Monthly Archives: March 2014

Use Robots.txt to Improve Your Search Engine Rankings

It may sound like something from “The Matrix Trilogy” but Google, Bing and other search engines use programs called web crawlers aka a spiders aka a robots or even agents to search and index the web.

Spiders, Web Crawlers and Agents! Oh My!

Don’t worry! These aren’t mechanical monstrosities or evil subroutines bent on destroying all of humanity or even using us as a convenient power source.

Web crawlers are the programs that search engines use to explore websites in order to list them and rank them in their directories. Except for malware, web crawlers are the good kind of robots.

When a web crawler explores a website, it looks for a robots.txt file. This is a simple text file with just a little bit of code that can instruct which web crawlers are allowed on the site and where they can and cannot go. Often it is used to close off sections of a website that might be a duplicate of another part of the site (such as a separate mobile version or a version in a duplicate language).

Anatomy of a Robots.txt File

The code of a robots.txt file generally looks like this:

User-agent: *
Disallow:

The user-agent section specifies the web crawlers that are allowed or not allowed to index the site. The Disallow section is used to specify which files are off limits.

The statement above says that all web crawlers (an asterisk is a wildcard meaning “all”) are allowed to search the site with no restrictions (because there is nothing after the Disallow statement).

The next example says that only Google is allowed to search the site. All others are banned. The slash after the Disallow statement refers to all files.

User-agent: Google
 Disallow:
User-agent: *
 Disallow: /

For more information, visit http://www.robotstxt.org/robotstxt.html. If you are using WordPress, check out the article by Joost de Valk, one of the co-founders of WordPress, on how he configures his robots.txt files.

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We're also happy to provide assistance directly. Just send an email to dharma@zenpunkwebworks.com.

What Information is Your Website Missing?

People always have a reason to go to a website. More often than not, that reason is they are seeking specific information. If they can’t easily find it on your website, they will give their business to someone else.

What Do People Want?

One of the most important rules in business is knowing your customers and what they want. This includes the information they are seeking when they visit your website.

If you own a retail business, they may want to know what products you carry. If you offer professional services, they may need to know what your office hours are. If you run a restaurant, they may want to know what’s on the menu.

This all may seem obvious, but I can’t count the number of times, I’ve looked up a restaurant’s website on a Monday and wondered if they were open for lunch. Some restaurants aren’t open on Mondays. Some aren’t open for lunch. I don’t want to show up and find the doors locked, so I go somewhere else.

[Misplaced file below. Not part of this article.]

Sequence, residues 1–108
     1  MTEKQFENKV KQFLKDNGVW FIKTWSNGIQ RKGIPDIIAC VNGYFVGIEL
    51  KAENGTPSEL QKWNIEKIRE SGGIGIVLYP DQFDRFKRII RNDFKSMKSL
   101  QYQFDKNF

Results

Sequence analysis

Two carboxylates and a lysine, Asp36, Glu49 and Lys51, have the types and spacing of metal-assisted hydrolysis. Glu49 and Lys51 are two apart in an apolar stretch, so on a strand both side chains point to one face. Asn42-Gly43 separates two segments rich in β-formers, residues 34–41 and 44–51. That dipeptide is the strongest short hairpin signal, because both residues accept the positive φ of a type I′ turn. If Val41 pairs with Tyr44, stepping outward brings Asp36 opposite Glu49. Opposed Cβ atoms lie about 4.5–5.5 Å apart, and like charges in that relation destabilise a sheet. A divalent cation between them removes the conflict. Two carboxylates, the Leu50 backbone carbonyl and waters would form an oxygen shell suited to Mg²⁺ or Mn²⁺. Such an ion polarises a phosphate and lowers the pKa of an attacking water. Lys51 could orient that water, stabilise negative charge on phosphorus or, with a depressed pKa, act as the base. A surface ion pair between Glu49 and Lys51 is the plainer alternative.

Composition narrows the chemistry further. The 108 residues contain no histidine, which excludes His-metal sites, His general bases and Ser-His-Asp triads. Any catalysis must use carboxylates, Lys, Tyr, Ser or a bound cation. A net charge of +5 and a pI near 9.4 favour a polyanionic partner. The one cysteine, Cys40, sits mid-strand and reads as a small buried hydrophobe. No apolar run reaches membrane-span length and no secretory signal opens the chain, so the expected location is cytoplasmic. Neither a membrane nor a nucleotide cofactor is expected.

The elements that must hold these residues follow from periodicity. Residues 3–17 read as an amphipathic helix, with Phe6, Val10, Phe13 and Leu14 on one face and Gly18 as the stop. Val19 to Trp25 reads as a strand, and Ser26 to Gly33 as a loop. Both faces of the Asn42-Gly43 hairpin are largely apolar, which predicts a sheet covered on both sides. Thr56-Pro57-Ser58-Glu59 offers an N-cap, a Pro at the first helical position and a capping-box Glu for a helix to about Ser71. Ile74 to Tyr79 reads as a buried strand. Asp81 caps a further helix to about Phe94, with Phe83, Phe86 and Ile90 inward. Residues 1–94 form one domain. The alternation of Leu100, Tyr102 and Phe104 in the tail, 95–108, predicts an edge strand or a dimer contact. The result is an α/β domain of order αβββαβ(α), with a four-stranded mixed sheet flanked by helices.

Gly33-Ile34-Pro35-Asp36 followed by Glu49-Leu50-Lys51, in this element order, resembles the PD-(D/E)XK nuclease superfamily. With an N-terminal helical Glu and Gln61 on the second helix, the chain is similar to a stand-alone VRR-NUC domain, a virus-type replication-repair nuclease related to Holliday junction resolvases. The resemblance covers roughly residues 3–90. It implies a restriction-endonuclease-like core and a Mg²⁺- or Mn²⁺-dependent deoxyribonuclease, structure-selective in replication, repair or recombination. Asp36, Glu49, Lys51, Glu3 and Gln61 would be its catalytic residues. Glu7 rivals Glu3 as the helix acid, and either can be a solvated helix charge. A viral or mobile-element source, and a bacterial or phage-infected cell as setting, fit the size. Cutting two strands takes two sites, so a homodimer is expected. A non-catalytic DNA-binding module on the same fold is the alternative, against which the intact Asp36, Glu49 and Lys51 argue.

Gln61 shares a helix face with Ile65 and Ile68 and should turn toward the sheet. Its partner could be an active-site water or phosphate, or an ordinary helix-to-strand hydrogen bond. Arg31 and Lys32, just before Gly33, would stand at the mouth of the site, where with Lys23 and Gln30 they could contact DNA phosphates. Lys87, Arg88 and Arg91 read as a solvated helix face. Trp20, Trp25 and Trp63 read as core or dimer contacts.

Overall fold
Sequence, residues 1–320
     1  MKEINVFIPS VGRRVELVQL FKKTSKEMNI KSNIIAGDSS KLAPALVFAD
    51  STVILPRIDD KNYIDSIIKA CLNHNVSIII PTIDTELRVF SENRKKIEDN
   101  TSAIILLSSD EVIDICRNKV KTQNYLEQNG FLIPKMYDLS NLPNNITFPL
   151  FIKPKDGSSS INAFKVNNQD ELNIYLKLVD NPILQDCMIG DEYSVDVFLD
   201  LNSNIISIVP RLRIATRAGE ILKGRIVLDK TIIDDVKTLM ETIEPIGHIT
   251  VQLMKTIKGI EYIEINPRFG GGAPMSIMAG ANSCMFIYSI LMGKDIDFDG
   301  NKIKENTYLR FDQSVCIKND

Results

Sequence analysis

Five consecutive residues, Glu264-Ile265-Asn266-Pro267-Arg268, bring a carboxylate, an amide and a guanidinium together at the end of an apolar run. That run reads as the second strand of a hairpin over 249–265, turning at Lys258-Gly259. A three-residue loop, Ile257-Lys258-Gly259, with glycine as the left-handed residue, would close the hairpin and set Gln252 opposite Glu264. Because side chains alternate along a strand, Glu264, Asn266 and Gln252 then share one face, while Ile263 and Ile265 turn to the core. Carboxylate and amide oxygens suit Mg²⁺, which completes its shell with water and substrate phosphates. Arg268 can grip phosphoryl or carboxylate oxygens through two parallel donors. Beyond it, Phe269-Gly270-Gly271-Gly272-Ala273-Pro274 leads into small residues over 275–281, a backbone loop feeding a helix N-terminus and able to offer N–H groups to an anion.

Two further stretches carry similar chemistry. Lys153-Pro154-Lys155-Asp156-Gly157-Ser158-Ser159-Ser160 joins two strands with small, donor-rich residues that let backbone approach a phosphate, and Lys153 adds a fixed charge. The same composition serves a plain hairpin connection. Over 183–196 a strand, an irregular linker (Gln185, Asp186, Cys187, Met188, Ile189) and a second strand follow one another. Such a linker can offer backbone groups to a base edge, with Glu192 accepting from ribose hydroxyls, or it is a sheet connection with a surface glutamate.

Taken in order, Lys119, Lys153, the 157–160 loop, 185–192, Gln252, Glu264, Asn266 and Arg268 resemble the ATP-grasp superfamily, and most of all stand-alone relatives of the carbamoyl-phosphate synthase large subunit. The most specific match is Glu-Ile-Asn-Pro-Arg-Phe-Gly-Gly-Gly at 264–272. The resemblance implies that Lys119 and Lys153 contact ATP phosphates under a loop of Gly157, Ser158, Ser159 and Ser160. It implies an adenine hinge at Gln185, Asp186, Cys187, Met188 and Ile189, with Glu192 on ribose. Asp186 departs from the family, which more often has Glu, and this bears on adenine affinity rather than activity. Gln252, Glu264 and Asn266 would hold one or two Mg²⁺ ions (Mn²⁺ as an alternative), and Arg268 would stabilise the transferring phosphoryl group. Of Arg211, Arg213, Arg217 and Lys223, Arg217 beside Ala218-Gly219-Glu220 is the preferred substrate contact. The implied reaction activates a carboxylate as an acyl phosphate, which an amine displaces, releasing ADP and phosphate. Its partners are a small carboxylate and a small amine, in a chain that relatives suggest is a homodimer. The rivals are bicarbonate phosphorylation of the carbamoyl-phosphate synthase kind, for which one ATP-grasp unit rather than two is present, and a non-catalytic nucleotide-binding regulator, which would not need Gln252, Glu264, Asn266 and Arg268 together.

Don’t Assume. Do Your Research.

You might already know what your potential customers are looking for when they pull up your website. But there may be some important elements that you haven’t considered. So you can’t rely on your own assumptions.

Ask existing customers for a list of information they look for on a site in your business. If you can’t ask existing customers, ask potential customers or even business associates.

Make the Information Easy to Find

So where should you put information like business hours? On the home page? In the header or footer of every page? On your About page or your Contact page? There is no single right answer. Just make it intuitive and easy to find.

Use Navigation Menus that Make Sense

I’ve seen websites with a home page and a separate welcome page. What’s up with that?

Or how about websites that have a main Services page, but then list one of their services as its own page. That will confuse visitors because they don’t know how one page relates to the others.

If you have a lot of pages, consider if some of them are perhaps redundant or can be combined with other pages (like a combined About page and Contact page). And make sure that there is a clear hierarchy to the structure of your pages. Similar pages usually need to be grouped together under a parent page.

Visitors don’t want to work hard to find this information, especially if they are viewing your website on a cellphone or tablet. The harder it is to find crucial information, the less business your website will generate.

Need More Help?

If you liked this article, be sure to sign up for your FREE subscription to the Nickel's Worth of Free Advice newsletter where we send helpful articles every Tuesday and Friday. You can either fill out the form on the right side of this page or visit the Nickel's Worth of Free Advice signup page.

We're also happy to provide assistance directly. Just send an email to dharma@zenpunkwebworks.com.

Understanding WordPress Posts, Pages & Custom Post Types

If you’re new to WordPress, you might be a little confused about the difference between posts and pages. So in this post, I’m going to provide a little clarity.

WordPress Posts

Generally, a post is a type of content listed in reverse chronological order (most recent entries on top). Posts are assigned categories and can be assigned other metadata like tags and featured images. Posts can be displayed in a standard list or in an archive based on category, tag or time frame. Posts are often used for blogs, news listings, etc.

WordPress Pages

A page is actually a special type of post. Unlike regular posts, it isn’t assigned categories or tags. It is not displayed with metadata or in. chronological order. Pages can be hierarchical, which means a page can be subordinate to parent pages. Unlike posts, pages can be displayed using custom templates, depending on the theme in use. Typical pages include a Home page, an About page, a Contact page, etc.

WordPress Custom Post Types

Websites can also use custom post types. If you are an artist or designer, you might want to have a portfolio. So some themes have a portfolio project post type. If you are a real estate agent, you might use a property post type. Custom post types are created in either a theme’s function.php file or with a plugin.

You can find more about posts, pages and custom post types on the WordPress Codex at http://codex.wordpress.org.

Need More Help?